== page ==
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SEC and FTC Warn Celebrities Must Disclose Financial Connection For ICO Endorsements
November 27, 2017

SEC and FTC Warn Celebrities Must Disclose Financial Connection For ICO Endorsements

By: Ifrah Law

Cryptocurrency is the latest trend to be embraced by celebrities, so much so that the federal government this month issued a warning about the possible risks involved.  Both the U.S. Securities and Exchange Commission (SEC) and the Federal Trade Commission (FTC) have made clear that if a celebrity is being paid to promote a product on social media, the financial connection between the endorser and marketer of the product needs to be disclosed.

Token issuers have reportedly raised over $3 billion via initial coin offerings (ICOs) in 2017, with some companies raising more money via ICOs than through traditional early stage venture capital funding. With this level of potential profit at stake, celebrities and social influencers are trying to capitalize on their status by promoting digital tokens.

World boxing champion Floyd Mayweather made waves this summer by promoting one ICO on Instagram and then another ICO on Twitter. Dubbing himself “Floyd Crypto Mayweather” in both an Instagram post and the tweet, Mayweather promoted both offerings with the hashtag “#CryptoMediaGroup,” signaling potential promotional efforts in the future.

On November 1, 2017, the SEC joined the FTC in warning celebrities about social media endorsements. In a public statement, the SEC cautioned celebrities and others who promote virtual coins and tokens: “Any celebrity or other individual who promotes a virtual token or coin that is a security must disclose the nature, scope, and amount of compensation received in exchange for the promotion.” The SEC also clarified that celebrities endorsing virtual tokens and coins face the risk of possibly running afoul of federal securities laws’ anti-touting and anti-fraud provisions if they are determined to have been participating in an unregistered offer and sale of securities or acting as an unregistered broker.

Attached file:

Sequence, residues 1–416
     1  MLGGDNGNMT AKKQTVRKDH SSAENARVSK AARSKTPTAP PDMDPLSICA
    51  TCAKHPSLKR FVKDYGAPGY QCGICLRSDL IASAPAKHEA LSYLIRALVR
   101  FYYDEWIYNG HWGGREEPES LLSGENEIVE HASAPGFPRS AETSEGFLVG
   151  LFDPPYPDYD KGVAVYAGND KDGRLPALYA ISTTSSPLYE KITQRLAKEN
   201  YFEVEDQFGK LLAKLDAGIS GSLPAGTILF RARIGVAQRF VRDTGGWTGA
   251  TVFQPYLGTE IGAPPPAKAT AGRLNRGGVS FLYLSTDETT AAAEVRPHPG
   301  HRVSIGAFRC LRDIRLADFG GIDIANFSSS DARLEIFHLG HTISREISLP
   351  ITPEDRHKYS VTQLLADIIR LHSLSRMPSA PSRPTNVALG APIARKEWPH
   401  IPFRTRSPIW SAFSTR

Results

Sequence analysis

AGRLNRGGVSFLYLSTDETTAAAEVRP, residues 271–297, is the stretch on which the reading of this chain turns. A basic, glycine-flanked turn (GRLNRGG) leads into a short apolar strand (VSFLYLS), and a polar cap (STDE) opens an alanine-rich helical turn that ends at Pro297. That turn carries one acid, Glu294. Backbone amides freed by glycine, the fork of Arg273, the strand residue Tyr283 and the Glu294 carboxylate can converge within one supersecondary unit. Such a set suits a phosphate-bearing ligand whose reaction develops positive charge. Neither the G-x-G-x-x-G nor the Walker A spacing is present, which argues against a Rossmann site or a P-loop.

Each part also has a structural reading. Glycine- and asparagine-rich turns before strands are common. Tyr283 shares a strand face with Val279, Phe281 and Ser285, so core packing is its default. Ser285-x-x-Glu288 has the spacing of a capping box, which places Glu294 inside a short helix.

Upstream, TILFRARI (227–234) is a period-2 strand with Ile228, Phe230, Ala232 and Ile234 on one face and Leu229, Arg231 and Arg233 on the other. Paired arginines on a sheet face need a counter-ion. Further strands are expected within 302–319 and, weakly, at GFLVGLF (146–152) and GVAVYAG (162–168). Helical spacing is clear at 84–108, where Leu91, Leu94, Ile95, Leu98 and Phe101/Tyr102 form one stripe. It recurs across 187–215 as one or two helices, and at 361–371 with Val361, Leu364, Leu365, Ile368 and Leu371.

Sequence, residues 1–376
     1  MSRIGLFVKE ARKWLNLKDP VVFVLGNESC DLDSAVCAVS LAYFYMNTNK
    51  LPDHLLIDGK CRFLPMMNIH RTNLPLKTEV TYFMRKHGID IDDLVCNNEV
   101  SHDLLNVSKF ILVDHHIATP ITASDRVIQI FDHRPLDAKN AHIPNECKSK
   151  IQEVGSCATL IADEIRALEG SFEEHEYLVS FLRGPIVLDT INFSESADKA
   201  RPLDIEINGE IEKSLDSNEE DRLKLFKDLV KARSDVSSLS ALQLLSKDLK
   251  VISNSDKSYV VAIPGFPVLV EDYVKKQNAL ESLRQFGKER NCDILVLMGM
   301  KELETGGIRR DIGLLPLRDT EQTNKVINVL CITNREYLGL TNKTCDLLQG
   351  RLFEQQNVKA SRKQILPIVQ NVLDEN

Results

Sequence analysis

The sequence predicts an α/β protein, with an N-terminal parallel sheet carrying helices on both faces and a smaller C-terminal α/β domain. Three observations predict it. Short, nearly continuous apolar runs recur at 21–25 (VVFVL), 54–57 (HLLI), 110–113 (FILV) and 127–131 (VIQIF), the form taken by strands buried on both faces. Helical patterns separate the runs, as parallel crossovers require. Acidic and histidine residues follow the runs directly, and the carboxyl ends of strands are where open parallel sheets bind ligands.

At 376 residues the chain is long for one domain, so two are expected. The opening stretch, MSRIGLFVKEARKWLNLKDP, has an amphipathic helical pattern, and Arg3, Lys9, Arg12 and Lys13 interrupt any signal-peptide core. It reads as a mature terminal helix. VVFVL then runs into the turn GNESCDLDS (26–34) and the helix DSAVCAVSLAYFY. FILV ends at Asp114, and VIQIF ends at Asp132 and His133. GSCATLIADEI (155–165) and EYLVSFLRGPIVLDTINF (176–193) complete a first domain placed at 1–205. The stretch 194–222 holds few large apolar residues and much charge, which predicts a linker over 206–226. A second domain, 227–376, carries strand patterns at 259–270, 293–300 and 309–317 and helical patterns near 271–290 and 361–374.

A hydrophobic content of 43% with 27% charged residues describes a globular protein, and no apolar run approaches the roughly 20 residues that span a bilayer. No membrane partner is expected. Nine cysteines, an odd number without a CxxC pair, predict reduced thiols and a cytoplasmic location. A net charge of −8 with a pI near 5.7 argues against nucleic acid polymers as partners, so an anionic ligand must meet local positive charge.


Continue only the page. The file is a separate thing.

The SEC separately warned investors in its Investor Alert not to make investment decisions simply because someone famous claims a product or service is a good investment. The SEC warned: “Celebrities, like anyone else, can be lured into participating (even unknowingly) in a fraudulent scheme. Also, celebrities are sometimes linked to products or services without their consent so the celebrity may not even have endorsed the investment.”

Earlier this year, the FTC also issued warning letters to social influencers and celebrity endorsers regarding certain posts that appeared on social media sites, such as Instagram. The warning letters referenced the FTC’s Endorsement Guides and noted that any “material connection” between an endorser and the marketer of a product needed to be clearly and conspicuously disclosed. In other words, endorsers need to disclose “a connection that might affect the weight or credibility that consumers give the endorsement.” As a result, some celebrities and social influencers now include “#ad” in their posts to denote any paid promotions.

While the FTC’s Endorsement Guides require a disclosure of a “material connection,” the SEC, in contrast, mandates disclosure of far more – namely, the “nature, scope, and amount of compensation” relating to the endorsement. And, unlike the FTC, the SEC has both civil and criminal authority to enforce its mandates.

In the Wild West of ICOs, it remains to be seen if marketers, and their paid influencers will be deterred from promoting virtual coins and tokens through outrageous and outlandish claims and marketing materials. There is clearly money to be made in this market, and with the lure of money comes the lure of deceptive advertising. Whether the SEC and FTC will enforce their endorsement guidelines is not a question of “if” but “when.”